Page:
The High Court Bench consists of the Chief Justice and the Judges of the High Court. Proceedings in the High Court are heard before a single judge, unless otherwise provided by any written law. The High Court has the right to appoint people with expertise in the subject matter of the proceedings to assist the court.

Court of Appeal
The Court of Appeal hears appeals against the decisions of the lower courts in both the Supreme and Subordinate Courts. Its jurisdiction covers both civil and criminal matters. Among the more well-known cases heard by the Supreme Court was the 1950 Maria Hertogh custody case that resulted in racial riots. The Supreme Court became Singapore's final court of appeal on 8 April 1994, when the Judicial Committee of the Privy Council was abolished.

There are usually three Judges of Appeal, with the bench presided over by the Chief Justice or, in his absence, another Judge of Appeal. A Judge of the High Court may sit in on the bench at the request of the Chief Justice. However, certain appeals, including those against interlocutory orders, may be heard by only two judges or by more than three judges, depending on the circumstances of the case.

Court houses and facilities
The Supreme Court has operated from several iconic buildings since its establishment. The first courthouse was the former Parliament House, where the first court session was held in 1827. However, as the building was situated next to a shipbuilding yard, the noise from the yard frequently drowned out the addresses of the judge or evidence given by witnesses. The courthouse moved to the Empress Place Building in 1865 and later the Supreme Court Building near City Hall.

The Supreme Court finally moved to its present location at 1 Supreme Court Lane in 2005. The new court building was officially opened by President S. R. Nathan in early 2006. There are 12 civil courts, eight criminal courts and three appellate courts in the new building. The design of the current Supreme Court building departs from the neo-classical influences of its predecessor by mirroring the court’s organisational structure. The courtrooms where the High Court hearings take place are found in the lower levels of the building. At the top of the building is a disc that is a modern symbol of the impartiality of justice.

Faizah bte Zakaria

All eyes on the new Singapore judiciary. (2006, April 13). The Straits Times, p. 24. Retrieved January 18, 2011, from NewspaperSG.

Chee Siok Chin found guilty of contempt. (2008, May 31). The Business Times, p. 8. Retrieved January 18, 2011, from NewspaperSG.

Chew S. K. (2006, April 4). Jaya credits CJ Yong for model judiciary. The Straits Times, p.2. Retrieved January 18, 2011, from NewspaperSG.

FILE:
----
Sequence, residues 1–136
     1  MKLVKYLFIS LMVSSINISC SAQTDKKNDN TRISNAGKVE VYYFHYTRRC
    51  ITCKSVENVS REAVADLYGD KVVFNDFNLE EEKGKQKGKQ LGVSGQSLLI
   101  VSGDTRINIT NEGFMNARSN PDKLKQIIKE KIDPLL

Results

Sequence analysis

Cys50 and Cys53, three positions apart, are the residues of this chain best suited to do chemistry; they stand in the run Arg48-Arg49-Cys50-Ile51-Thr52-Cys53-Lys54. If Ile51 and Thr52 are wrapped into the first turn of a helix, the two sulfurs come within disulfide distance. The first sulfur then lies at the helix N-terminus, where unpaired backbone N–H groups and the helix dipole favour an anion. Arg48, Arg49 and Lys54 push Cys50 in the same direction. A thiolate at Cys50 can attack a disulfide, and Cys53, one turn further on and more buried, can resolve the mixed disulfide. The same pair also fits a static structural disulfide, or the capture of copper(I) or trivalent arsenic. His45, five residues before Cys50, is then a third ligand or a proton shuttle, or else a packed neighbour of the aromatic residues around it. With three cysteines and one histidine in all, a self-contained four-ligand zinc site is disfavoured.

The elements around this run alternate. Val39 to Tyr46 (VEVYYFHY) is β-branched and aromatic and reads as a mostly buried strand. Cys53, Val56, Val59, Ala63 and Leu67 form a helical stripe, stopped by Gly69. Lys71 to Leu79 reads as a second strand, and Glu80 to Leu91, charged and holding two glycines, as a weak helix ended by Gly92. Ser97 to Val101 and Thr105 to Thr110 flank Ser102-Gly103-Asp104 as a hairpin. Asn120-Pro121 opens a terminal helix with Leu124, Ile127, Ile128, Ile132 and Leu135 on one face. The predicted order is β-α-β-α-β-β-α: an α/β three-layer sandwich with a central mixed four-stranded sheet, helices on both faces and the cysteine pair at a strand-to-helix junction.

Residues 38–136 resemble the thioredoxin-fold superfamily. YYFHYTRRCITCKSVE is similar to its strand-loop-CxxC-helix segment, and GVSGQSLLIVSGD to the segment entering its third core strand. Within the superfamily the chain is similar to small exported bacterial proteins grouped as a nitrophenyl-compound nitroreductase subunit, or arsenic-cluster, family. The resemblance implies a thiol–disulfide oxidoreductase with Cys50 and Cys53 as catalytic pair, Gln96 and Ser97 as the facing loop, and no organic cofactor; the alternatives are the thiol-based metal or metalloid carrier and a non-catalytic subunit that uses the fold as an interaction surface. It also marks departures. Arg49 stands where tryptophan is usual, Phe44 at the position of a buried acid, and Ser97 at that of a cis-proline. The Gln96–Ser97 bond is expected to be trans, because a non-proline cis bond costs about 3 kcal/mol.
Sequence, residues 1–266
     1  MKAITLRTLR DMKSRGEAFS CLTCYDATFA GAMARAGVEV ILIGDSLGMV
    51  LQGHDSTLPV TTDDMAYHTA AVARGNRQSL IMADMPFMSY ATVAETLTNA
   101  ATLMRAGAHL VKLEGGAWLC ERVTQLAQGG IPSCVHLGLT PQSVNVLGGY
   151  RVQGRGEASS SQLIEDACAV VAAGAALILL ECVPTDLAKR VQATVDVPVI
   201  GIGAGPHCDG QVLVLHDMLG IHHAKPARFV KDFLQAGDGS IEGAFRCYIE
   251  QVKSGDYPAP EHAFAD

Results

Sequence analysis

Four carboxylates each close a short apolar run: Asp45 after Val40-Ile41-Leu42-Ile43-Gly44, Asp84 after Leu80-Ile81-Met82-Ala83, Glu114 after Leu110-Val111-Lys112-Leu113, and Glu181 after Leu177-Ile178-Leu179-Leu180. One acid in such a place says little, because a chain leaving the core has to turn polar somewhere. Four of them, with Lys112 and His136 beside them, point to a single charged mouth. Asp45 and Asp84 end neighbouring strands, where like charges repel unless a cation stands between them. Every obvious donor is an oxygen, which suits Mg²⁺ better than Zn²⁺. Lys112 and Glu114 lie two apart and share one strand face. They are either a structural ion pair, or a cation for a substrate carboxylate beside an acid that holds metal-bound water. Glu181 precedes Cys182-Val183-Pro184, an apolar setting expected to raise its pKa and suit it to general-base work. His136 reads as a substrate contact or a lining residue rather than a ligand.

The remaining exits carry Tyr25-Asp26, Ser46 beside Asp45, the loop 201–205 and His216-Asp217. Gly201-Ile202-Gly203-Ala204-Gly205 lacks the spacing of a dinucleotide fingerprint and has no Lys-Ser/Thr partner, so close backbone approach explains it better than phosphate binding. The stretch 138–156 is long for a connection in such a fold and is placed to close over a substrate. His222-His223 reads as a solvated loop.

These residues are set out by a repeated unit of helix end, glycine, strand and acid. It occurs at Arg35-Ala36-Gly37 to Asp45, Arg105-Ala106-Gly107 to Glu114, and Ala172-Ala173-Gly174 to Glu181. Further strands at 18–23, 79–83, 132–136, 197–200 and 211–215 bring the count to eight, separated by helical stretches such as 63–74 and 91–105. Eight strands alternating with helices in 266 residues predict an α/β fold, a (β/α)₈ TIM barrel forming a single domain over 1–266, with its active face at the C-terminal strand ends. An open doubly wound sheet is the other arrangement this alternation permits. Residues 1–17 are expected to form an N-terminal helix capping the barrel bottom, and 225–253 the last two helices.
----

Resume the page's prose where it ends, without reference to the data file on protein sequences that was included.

Chief Justice moved by farewell tributes. (1990, September 28). The Straits Times, p.28. Retrieved January 18, 2011, from NewspaperSG.

CJ Yong re-appointed. (2001, March 16). Today, p. 6. Retrieved January 18, 2011, from NewspaperSG.

CJ rebuts the critics. (2009, October 28). Today, p. 10. Retrieved January 18, 2011, from NewspaperSG.

Kangaroo T-shirt trio face contempt of court charges. (2008, October 15). Today, p. 1. Retrieved January 18, 2011, from NewspaperSG.

Kwek, M. L, et al. (Eds). Hall of Justice: Supreme Court Singapore. Singapore: Supreme Court of Singapore, 2006.
(Call no.: q347.5957035 HAL)

Maria appeal postponed. (1950, June 12). The Singapore Free Press, p. 1. Retrieved January 18, 2011, from NewspaperSG.

New appellate courts to hear first cases. (1970, January 12). The Straits Times, p. 5. Retrieved January 18, 2011, from NewspaperSG.

No right to jury trials anymore. (1970, February 19). The Straits Times, p. 6. Retrieved February 8, 2011, from NewspaperSG.

Supreme Court. (2010). Supreme Court: Home. Retrieved January 9, 2011, from

Supreme Court Singapore: Excellence into the next millennium. (1999). Singapore: Supreme Court of Singapore.
(Call no.: RSING 347.5957035 SIN)

Supreme Court Singapore: The re-organisation of the 1990s. (1994). Singapore: Supreme Court of Singapore.
(Call no.: RSING 347.59570352 SIN)

The Law Society of Singapore. (2010). The Law Society of Singapore: Singapore Court System. Retrieved July 20, 2010 from

The Supreme Court and Subordinate Courts of Singapore: A charter for court users. (1997). The Courts, Singapore.
(Call no.: RSING 347.5957 SUP)

Thian, Y. S., Chong, C. C., Lim, S. (2002). In Session: Supreme Court Singapore: The building, her heritage and her people. Singapore: Supreme Court of Singapore.
(Call No.: RSING 347.5957035 SIN)

Yong Pung How sworn in as Chief Justice. (1990, September 22). The Straits Times, p. 1. Retrieved January 18, 2011, from NewspaperSG.

Further reading
Chan, H. H. M. (1995). The legal system of Singapore. Singapore: Butterworth Asia.
(Call no.: RSING 349.5957 CHA).

The information in this article is valid as at 2011 and correct as far as we are able to ascertain from our sources. It is not intended to be an exhaustive or complete history of the subject. Please contact the Library for further reading materials on the topic.

Historic buildings--Singapore
Architecture, British colonial--Singapore